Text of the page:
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Dawn Richard and Spencer Zahn find solace in color and motion on 'Pigments'

<em>Pigments</em> is a dynamic collaboration intersecting Richard and Zahn's discographies.
Clifford Usher
Pigments is a dynamic collaboration intersecting Richard and Zahn's discographies.

In Dawnie Walton's debut book, "The Final Revival of Opal & Nev," one of the lead characters has an almost molecular understanding of friction turned to sound, that then becomes melody. She follows her body's intuitive responses as a litmus test for an album's direction, and it's these reactions that chisel her path in the music industry, even when no one else is paying attention to how her body is jerking and swaying. Whether singing Motown covers or composing rock and roll protest ballads, as the genres change, the character's inclination remains the same — follow the body, and the rest will align. Pigments, the new album from Dawn Richard and Spencer Zahn, is interested in physical responses to stimulation, and how it manifests in the most private moments.

A singer-songwriter, animator and food truck owner, Richard has met a kindred collaborator in Zahn. Her last album, Second Line: An Electro Revival, brimmed with the sumptuous, full-bodied notes of swooning New Orleans jazz over dense house beats. This time she's in a more unorthodox bag, flexing muscles that feel like those worked in behind-the-scenes studio sessions; in atmosphere and fearless originality. Zahn's most recent album, Sunday Painter, found the multi-instrumentalist approaching music with a skipping stone's lightness that compelled him to create something that channels a different type of energy between artists and listeners — where the consumers follow the direction of the creator, even when the destination is not quite visible. It's this latter skill that anchors the two creators in a shared cocoon of innovation and engagement; one that's apparent on the album's 11 movements, which are brief in their beauty, yet long-lasting as they settle into the body.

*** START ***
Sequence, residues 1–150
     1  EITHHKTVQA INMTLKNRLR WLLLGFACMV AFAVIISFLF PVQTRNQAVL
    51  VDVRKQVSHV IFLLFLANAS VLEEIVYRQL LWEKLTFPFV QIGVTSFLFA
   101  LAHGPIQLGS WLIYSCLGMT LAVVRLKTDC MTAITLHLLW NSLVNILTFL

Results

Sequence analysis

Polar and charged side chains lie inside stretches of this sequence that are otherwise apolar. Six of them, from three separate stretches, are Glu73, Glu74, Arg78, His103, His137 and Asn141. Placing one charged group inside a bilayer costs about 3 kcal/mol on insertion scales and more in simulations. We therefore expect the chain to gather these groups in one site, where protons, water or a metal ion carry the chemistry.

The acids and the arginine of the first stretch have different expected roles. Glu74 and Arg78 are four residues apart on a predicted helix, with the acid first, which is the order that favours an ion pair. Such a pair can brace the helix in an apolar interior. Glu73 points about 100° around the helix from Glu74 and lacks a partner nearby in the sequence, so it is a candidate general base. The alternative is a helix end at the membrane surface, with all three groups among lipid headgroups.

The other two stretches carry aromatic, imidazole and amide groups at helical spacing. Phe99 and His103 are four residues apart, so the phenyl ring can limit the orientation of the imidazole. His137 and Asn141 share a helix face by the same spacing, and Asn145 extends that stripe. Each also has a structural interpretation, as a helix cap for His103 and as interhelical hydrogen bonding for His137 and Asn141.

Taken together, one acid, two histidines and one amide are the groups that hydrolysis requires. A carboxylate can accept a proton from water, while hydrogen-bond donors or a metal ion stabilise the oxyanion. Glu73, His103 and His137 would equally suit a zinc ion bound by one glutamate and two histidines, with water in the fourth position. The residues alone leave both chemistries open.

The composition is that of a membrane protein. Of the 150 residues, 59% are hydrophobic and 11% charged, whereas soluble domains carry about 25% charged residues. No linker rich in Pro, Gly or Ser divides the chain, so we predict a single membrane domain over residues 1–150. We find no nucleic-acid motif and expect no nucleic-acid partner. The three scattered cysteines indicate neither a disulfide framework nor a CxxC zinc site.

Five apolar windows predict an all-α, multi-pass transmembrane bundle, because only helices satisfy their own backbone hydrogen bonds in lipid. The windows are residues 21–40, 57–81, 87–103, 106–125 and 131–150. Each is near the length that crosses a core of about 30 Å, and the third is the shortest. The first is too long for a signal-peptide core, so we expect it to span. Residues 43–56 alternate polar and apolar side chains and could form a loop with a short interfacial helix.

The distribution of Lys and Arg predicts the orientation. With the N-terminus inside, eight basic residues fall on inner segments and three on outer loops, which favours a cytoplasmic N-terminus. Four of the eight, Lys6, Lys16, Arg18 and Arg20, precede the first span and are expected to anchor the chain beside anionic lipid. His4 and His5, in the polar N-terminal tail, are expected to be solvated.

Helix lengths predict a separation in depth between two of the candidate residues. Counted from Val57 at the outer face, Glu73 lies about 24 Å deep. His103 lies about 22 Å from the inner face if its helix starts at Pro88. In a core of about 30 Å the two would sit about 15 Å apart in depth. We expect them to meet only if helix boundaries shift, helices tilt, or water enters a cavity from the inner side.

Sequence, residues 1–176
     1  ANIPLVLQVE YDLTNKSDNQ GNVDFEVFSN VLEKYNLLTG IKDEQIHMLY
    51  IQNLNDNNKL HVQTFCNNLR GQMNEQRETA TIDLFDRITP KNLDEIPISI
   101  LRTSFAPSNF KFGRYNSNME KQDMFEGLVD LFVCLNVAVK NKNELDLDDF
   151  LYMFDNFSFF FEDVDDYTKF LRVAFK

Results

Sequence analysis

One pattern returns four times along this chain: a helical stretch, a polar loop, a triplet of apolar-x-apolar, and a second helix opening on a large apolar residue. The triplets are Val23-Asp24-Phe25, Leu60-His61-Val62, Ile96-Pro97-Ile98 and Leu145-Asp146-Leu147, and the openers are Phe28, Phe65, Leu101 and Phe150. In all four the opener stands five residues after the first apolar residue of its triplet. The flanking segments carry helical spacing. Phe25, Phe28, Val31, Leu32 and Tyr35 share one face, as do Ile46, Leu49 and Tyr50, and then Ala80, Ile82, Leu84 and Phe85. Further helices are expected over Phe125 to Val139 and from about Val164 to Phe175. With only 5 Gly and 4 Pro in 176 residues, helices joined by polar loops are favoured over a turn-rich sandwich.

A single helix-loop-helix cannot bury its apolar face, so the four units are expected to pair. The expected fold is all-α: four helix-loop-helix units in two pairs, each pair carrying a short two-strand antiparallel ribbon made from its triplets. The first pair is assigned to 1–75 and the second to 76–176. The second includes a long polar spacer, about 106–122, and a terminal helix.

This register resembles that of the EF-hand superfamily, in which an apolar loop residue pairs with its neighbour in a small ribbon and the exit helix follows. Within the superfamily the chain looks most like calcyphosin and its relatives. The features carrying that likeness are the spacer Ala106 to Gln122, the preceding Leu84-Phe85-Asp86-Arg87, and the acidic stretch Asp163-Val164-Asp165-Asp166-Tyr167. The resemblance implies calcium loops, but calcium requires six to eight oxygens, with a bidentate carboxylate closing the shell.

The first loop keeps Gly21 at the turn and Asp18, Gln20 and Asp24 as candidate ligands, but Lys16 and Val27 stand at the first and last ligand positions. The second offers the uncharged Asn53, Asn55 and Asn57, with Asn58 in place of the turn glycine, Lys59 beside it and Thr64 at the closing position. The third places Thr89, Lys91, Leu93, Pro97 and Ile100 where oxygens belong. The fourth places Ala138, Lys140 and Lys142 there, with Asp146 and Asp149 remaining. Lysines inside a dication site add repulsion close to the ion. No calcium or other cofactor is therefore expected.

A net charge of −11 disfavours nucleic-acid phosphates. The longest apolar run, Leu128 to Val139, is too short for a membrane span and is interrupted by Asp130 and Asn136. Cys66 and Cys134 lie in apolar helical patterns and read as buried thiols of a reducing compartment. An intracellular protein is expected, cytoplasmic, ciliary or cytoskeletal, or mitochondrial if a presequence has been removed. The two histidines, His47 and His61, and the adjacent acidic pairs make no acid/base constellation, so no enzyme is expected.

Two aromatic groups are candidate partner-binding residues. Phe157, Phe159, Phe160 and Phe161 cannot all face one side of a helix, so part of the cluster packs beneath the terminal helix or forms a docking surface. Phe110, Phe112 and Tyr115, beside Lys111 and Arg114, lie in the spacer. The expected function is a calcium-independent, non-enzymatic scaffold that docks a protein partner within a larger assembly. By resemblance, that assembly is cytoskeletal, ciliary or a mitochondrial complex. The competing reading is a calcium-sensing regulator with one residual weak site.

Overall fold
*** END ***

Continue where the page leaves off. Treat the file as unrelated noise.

The first, "Coral," is a crisp and light arrangement of wind and string instrumentation that feels sparse despite holding the weight of a sprawling orchestra-backed production. Its intimacy is in the way it lands, coaxing muscles into repose, before flowing delicately into "Sandstone." There is an elegance to the transition, evidence of Zahn's skill as a composer, and Richard's sharply attuned ear for complementary tones. Only when the sound of her voice creeps into the breathing spaces around the instruments does it become apparent that this is a new song. Neither vessel intrudes on the other, and when she sings, "If I can be more, If I can be more than you are," her vocals are lonesome and pained. Instead of folding into despair, the saxophone rises, pulling Richard into a contemplative state without despondency. There is no embellishment in the pleading. The unease is crushing because the need is so simple.

In the desert, you can see every color across the spectrum — multiple shades are caught in flashes depending on the sun's placement, pelting of rain on the sand, the movements of those who've forged a life in the dunes and planes, and our own imagination after staring at such an expanse. "Indigo," "Vantablack" and "Sienna" are successive tracks off Pigments that summon the colors and solitude of the desert into a narrative wrestling with what it means to be alone. The early notes on "Indigo" are somber and searching, but as the song progresses, the mood gradually shifts, aided by twinkling moments and the steadying presence of the sax; that flows into "Vantablack," uninterrupted and certain, meeting Richard's ready incantations. "Can I drink you in?" she asks, a plea heightened by Zahn's bass circling around the lyric's edges. This pair of songs acts as a type of relay — one starts the process of reflection, and the other addresses work that's been brought to the surface.